My point was simple, and clearly aimed at Mark McGreg. For anyone who supports England to accuse Ireland of fielding ‘blow-ins’ is gross hypocrisy.

    The rub is that I find it distasteful this constant need to define players in terms of where they were born. In many cases it’s irrelevant; the issue is where they were brought up and learnt their cricket.

    1. I couldn’t give a f*** what you find distatsteful. Your distaste is of no interest or merit.
    2. The issue is who they are eligible to play for – whether by birth, marriage, naturalisation or residence – everyone I named is eligible to play for the country they play for, and good on them. But for the record, Pietersen was ‘brought up’ in South Africa, as was Matt Prior and Morgan and Joyce were brought up in Ireland.

    I just find the smarmy “Ireland only plays blowins” attitude a bit rich. I couldn’ care less who anyone else plays – i merely made the point that every team (bar India) go a bit beyond “land of birth” – some (like England) – well beyond it. Ireland are frankly no worse than anyone else.


    Yes, I spotted Mr Weir too (and Mr Hamilton for that matter, though he kept his allegiances to himself! ;-))

    Favourite sledge of the day

    “Ravi Hates You!” to Jonathon Trott (who got his spot in the Oval Test)” followed by “Trott’s got your place” to Ravi!! – Oooo Psycology ;-))

  • Greenflag

    Good lord or I don’t believe it as a certain Victor Meldrew used to say .
    So behind the pastoral sunny afternoons and the white clad gentlemen and the cucumber sandwiches and the tea there lurks a bunch of dare I say it

    Cricket Hooligans 😉

    Calm down lads . Methinks Mick was to pardon the repetition taking the michael or having some fun.
    Most of us should at least have heard of and or remember the days when in international competition in another sport -for Ireland /NI Ireland to lose by only 3 goals was considered a ‘moral’ victory 😉

  • fin

    You do understand that ‘Ireland: the cricket team’ is something different again to ‘Ireland: the republic’, let alone, ‘Ireland: the Republican fantasy’?

    That would seem to be lost on the DUP

  • The Spectator


    Next time Ireland play a big one dayer – come with me and I, a veteran of many a game at Left Corner Back, will initate you into the arcane world of Willow. You’ll not be sorry.

  • Greenflag

    spectator ,

    ‘will initate you into the arcane world of Willow.’

    Many thanks for your kind offer and I’m tempted .

    However GF is normally a persistent aggravating kind of bastard who believes unselfconsciously and sometimes unconsciously that there is nothing that is beyond his undertanding once he applies his remaining thinking cells to the matter in hand. The only remaining impediment to his full understanding of this amazing and very lucky planet we all manage to exist on is however the game and rules of cricket 😉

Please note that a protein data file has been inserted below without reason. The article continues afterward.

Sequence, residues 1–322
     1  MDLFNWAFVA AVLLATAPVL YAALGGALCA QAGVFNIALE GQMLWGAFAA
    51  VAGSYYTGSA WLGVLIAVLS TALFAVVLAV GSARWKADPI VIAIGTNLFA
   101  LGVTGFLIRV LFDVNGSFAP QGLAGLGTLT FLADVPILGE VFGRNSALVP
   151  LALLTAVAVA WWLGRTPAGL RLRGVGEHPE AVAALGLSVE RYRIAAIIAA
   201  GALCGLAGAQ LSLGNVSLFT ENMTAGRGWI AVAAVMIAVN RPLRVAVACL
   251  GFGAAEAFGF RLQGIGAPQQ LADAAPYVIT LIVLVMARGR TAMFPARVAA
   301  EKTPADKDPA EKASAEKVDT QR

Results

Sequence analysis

I believe it was in the pubescent period of life when my late Uncle Mick tried to point out the finer points of the game to my then distracted teenage mind. Alas my powers of concentration then were focused entirely on the shapely form of a nubile female in law and his words somehow got lost in my scrambled limbic system my neo cortex having shut down on the visionary delight sitting opposite me . Mine Uncle might as well have tried to address a DUP supporter in Ballymena on the benefits to be accrued in a UI 😉 or teach a cockroach the Greek alphabet .

    Thereafter I somehow convinced myself that the rules of this game would forever be beyond my powers of comprehension. As I made no further progress with the said nubile in law on that occassion or ever after she being at least 5 years older than I, I somehow associate cricket with a personal failure . So whenever somebody mentions cricket I get an immediate flashback to memory which by now one would think I should have long since forgotten .

    I thank you nonetheless and will not say never as per the title words of a James Bond movie .

    ‘a big one dayer ‘

    I have heard it said that cricket can go for days even perhaps weeks if the weather is bad which it generally is on this rain sodden island . Children are born into the world and don’t see their father for several weeks while he’s tied to the stumps ? Isn’t that why cricket is played in the sunnier climes of South Eastern England , South Africa , India , Pakistan and Australia/New Zealand , and the West Indies whereas Canadians , Irish, and Scots generally give it a miss? Mind you with all this global warming Ireland could become a real contender in the sport unless of course all of this global warming does’nt trigger another Ice Age and bring if not the curtain down on our prospects but a mile high glacier instead :(. You are aware I’m sure that another 50 ice ages are forecast after I believe we will enjoy a really hot spell for about a billion years 🙂

    Weather won’t just be stopping play then eh ?

  • brendan,belfast

    Can someome address this as a serious question please?/

    How come someone can play cricket for Ireland (assuming he is, by some definition, Irish) and then simply be picked by England?

    In cricket does the England team have first call on all GB / Irish players?

    Doesn’t declaring allegiance count like in soccer?

    Help me understand.

  • The Spectator

    OK Brendan

    Cricket qualification is somewhat looser than you’d find with say soccer. 4 years residence is sufficient. Most importantly, since Ireland is not a “Full member” i.e. a Test Nation, playing for ireland does not rule you out from playing for England. Having played for england, you then have to wait four years to play for Ireland again.

    Not exactly fair, and I’m led to believe Ed Joyce is trying to get that rule modified as we speak – I understand the ICC is sypathetic.